calls it-has long been a main mission for Army Special Forces, albeit
one that had fallen out of favor recently.
After 9/11, the Pentagon deployed Special Forces and Army Rangers, Navy SEALs and other Special Operations Forces all over the world to fight insurgents and hunt terrorists. They largely took "direct action"-hitting the bad guys on their own-rather than working through local forces.
But from the 1940s into the 1990s, the Special Forces mostly practiced unconventional warfare-indirect action, if you will, and the focus of the new 1st Special Forces Command. In that way, the new HQ brings Special Forces "back to its roots," said Newson, a SEAL officer who served in Afghanistan, Iraq and Yemen.
This indirect method of warfare is ideal in situations where an American presence could be "too costly or be counter-productive," Newson explained."
Ah, to be young again... This was the main mission of US Army Special Forces (Green Berets) until Congress created the Joint Special Operations Command (JSOC) along with Delta and the SEALS. Those, later and derivative groups are involved in direct action missions and are essentially huge military SWAT teams, that is, people who do raiding themselves rather than with foreign troops. This is quite different. The GBs in these units now under their own headquarters in 1st SF Command will concentrate on the mission of working with foreign irregulars as well as with foreign regulars to create viable combat units as well as viable support units. These GB units are capable of a very wide spectrum of training activities when augmented by engineers, medical people, signal corps folks, etc. They are quite capable of training leadership cadres up to the regimental level. That would be a 5,000 man force. I have seen them do all that and participated in the activity. One of the main mistakes made in the recent wars was to put the big, maneuver army in charge of creating foreign forces. Neither the conventional forces nor the JSOC commandos have the talent nor the taste for such work and in both places the conventionals screwed up the game mightily. The transformation of some ODAs into smaller "Jedburgh"type teams I take to be an indication that these particular teams will operate in denied areas training irregulars as the Jeds did.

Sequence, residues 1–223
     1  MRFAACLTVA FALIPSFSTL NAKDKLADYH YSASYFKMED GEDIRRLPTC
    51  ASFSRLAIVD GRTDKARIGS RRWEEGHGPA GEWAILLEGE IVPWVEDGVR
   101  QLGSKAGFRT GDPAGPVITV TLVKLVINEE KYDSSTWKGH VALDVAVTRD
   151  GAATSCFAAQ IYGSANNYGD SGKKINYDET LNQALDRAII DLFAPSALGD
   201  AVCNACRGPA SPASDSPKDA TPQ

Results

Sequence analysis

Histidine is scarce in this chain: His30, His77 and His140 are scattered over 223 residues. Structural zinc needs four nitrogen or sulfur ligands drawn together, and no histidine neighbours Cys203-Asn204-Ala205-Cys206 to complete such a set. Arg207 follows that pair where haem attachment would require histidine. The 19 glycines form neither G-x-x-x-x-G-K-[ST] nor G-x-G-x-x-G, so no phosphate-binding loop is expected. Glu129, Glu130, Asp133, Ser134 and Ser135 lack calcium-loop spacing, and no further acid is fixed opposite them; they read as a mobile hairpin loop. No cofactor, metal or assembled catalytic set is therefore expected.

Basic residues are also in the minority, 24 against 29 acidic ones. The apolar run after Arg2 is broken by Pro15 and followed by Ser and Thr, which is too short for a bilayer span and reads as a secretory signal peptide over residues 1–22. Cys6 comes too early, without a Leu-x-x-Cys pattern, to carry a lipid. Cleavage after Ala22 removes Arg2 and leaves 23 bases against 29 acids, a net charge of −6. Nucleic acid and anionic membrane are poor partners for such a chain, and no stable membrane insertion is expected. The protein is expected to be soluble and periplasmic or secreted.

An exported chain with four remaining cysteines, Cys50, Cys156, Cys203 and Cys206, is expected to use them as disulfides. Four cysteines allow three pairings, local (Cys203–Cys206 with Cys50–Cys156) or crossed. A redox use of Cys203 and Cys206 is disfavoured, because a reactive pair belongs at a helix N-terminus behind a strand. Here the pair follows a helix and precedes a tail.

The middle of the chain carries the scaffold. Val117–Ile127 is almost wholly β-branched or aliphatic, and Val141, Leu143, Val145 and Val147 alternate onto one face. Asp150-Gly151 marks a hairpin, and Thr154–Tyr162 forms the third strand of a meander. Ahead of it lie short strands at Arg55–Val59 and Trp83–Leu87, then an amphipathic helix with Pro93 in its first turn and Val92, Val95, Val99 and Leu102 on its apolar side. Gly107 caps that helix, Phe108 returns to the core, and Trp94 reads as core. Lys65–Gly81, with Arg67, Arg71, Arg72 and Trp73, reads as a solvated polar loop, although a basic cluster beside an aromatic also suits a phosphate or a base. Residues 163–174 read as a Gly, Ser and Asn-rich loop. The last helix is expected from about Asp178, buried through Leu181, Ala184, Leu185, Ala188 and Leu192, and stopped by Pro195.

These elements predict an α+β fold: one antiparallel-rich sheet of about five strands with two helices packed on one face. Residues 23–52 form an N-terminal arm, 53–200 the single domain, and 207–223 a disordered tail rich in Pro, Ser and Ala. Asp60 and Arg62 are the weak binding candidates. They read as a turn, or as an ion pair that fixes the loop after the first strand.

This does an old man's heart good. pl